Will I have any side effects from the EpiPen®?
Soon after you use the EpiPen®, you will likely notice that your heartbeat is faster than usual. You may also feel anxious and or shaky. Some people may experience dizziness and/or a headache but this is only temporary.
How do you prevent an allergic reaction to food?
The only way to prevent an allergic reaction is to AVOID- (Do NOT eat or drink) the particular food (or ingredient) that you are allergic to. This sounds simple enough but there are times when you may not be aware that you have been exposed to an allergen. This could happen if you eat at a restaurant or if you forget to read a food label. If you have a severe allergy to a certain food, you could have a reaction by just inhaling that might have particles of the allergen in it, such as peanut dust. Another way you could come in contact with an allergen aside from consuming it is by kissing someone who may have recently eaten what you are allergic too.
How can I tell if I have a food allergy?
You might find out that you have a food allergy if you have an allergic reaction after eating or drinking a certain food. Skin reactions such as a rash or hives around the mouth/face are the most common symptoms. The rash may be itchy, red, and/or bumpy. Swelling of the face may also occur. If your primary care provider thinks you may have a food allergy, you may be referred to an “allergist”—a doctor who specializes in studying allergies and caring for people who have them. The allergist will likely perform skin and/or blood test to see if you are sensitive to specific types of food.
I had an allergic reaction to something I ate. Will it happen again?
It’s hard to tell for sure if you will have an allergic reaction again, but it is likely that you will. This is because after your body makes “antibodies” towards a certain food(s), the antibodies will automatically recognize the food every time you eat it. Your body will naturally release the chemical “histamine” into your blood, causing an allergic reaction.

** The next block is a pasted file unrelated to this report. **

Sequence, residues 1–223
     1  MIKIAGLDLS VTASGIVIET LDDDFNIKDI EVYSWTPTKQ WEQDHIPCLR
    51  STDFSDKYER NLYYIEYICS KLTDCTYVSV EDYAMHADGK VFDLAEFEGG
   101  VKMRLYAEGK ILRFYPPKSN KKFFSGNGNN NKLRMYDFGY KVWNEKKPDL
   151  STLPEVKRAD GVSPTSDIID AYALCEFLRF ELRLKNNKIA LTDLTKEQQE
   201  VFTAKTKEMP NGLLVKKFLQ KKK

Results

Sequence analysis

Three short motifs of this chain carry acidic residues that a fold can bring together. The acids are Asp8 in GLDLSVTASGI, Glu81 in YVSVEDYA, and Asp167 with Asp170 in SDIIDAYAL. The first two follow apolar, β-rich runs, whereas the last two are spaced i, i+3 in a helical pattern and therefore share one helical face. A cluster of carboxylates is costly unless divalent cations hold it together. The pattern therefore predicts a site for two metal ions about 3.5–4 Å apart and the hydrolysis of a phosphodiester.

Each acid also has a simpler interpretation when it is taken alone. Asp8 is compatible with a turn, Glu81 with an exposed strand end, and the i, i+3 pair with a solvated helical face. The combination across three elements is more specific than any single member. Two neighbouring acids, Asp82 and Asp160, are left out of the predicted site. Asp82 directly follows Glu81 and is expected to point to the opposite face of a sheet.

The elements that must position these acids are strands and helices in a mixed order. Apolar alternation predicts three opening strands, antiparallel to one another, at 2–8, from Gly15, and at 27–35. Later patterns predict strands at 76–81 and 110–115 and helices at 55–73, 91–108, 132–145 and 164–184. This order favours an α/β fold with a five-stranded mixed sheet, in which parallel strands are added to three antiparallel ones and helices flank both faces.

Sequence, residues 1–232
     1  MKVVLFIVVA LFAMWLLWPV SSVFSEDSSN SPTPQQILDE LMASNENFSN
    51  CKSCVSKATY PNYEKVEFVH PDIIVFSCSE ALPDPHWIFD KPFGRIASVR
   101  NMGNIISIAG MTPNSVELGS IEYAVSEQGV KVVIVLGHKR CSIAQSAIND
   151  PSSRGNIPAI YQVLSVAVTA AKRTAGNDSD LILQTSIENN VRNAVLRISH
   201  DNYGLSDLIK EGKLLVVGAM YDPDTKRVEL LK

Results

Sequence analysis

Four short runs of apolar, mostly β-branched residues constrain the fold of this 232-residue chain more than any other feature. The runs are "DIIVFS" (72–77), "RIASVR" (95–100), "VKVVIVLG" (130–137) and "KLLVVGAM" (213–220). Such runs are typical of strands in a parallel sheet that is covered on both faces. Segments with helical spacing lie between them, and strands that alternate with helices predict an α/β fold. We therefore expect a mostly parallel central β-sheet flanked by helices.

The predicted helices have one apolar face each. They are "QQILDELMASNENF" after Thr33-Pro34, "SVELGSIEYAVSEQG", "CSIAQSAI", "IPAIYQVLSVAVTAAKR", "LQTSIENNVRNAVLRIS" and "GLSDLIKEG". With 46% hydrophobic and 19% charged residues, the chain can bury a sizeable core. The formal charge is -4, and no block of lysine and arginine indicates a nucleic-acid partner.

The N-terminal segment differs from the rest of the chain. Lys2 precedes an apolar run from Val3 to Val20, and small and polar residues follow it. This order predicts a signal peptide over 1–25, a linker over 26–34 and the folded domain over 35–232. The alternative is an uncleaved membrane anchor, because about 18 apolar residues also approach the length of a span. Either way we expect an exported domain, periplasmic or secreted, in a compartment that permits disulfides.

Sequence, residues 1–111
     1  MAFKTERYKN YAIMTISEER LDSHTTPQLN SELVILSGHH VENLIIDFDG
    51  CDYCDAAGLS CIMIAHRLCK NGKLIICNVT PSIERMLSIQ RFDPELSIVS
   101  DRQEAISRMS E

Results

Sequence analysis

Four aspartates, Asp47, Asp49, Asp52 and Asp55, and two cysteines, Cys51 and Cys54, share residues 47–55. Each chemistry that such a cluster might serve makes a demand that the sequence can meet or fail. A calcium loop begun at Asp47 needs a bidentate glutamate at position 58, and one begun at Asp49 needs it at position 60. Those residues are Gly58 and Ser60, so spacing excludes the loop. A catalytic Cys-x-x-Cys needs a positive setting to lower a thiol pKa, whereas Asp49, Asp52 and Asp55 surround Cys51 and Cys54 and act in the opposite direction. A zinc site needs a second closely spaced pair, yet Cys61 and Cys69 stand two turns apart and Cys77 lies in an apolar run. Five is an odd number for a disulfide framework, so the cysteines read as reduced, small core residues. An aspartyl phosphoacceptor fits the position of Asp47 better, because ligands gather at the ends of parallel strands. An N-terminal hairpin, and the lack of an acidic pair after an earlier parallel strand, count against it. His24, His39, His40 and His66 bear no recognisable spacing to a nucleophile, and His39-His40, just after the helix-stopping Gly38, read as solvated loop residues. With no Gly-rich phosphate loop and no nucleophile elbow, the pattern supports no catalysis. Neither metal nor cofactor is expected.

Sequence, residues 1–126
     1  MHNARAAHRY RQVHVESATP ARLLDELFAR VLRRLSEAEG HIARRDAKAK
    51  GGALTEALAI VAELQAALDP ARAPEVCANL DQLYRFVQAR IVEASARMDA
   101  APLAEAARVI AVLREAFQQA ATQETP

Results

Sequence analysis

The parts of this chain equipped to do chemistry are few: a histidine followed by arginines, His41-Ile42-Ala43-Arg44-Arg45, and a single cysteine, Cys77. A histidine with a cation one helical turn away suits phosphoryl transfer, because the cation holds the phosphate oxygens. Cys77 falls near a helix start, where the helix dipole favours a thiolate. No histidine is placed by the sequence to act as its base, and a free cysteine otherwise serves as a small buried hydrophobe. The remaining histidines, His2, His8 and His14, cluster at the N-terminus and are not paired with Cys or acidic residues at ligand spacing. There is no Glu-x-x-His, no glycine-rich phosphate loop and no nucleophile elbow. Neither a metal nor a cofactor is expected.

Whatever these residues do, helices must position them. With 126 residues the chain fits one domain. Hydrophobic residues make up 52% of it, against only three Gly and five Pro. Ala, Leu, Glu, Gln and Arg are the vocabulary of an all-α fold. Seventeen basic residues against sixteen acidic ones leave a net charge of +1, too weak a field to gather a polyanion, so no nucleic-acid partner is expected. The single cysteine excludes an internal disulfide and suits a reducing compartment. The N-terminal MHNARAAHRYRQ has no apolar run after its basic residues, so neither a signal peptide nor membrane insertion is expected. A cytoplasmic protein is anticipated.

There is no way of telling for sure if the reaction you have the second, third, fourth time and so on, will be the same or worse. That’s why it’s important to AVOID the allergen and also be prepared with an epinephrine autoinjector such as EpiPen® just in case you have an unexpected exposure. The good news is that sometimes people outgrow their allergies. Ask your allergist, “How can I tell if I have outgrown my allergy?” Be sure to get advice from your allergist before trying the food again.
I am lactose intolerant. Does that mean I have a food allergy?
No. Having a food intolerance means that you have trouble digesting a certain kind of food. The symptoms of food intolerance can be similar but they usually appear slowly rather than suddenly. With food intolerance such as lactose intolerance, you may be able to handle small amounts of food or drinks that contain lactose (a sugar found in milk and other dairy products). Drinking or eating lactose containing products such as milk will cause bloating and diarrhea. Symptoms of food intolerance can be uncomfortable but they are usually not life-threatening.
If I have an anaphylactic reaction and I feel okay, do I still need to see my primary care provider?
Yes. Anaphylactic reactions are scary, very serious events and even though you feel better, it’s VERY important to see a medical provider very soon. It’s best to go to the closest emergency room. There are two reasons for this. First, it is possible to have symptoms again (the same day) without coming in contact with the allergen again. This is called “biphasic anaphylaxis” or two allergic reactions. The second reason you should be checked by a medical provider is so you can develop an Anaphylaxis Emergency Action Plan. Medical providers recommend that if you’ve had anaphylaxis, you should always carry at least one epinephrine autoinjector such as EpiPen® and you should know how to use it! You might also consider wearing a medical ID bracelet so others will know that you have an allergy. Also, ANYTIME you use your epinephrine autoinjector pen, you should go to the closest emergency room to be checked. You may need more medicine, oxygen or intravenous (IV) fluids.
Having a food allergy can be challenging; however, there is a growing awareness that has led to better labeling of foods and more care to avoid cross-contamination in factories that make food items. Learning about food allergies, reading labels and being prepared are all ways to avoid a serious life-threatening reaction called “anaphylaxis.”Resources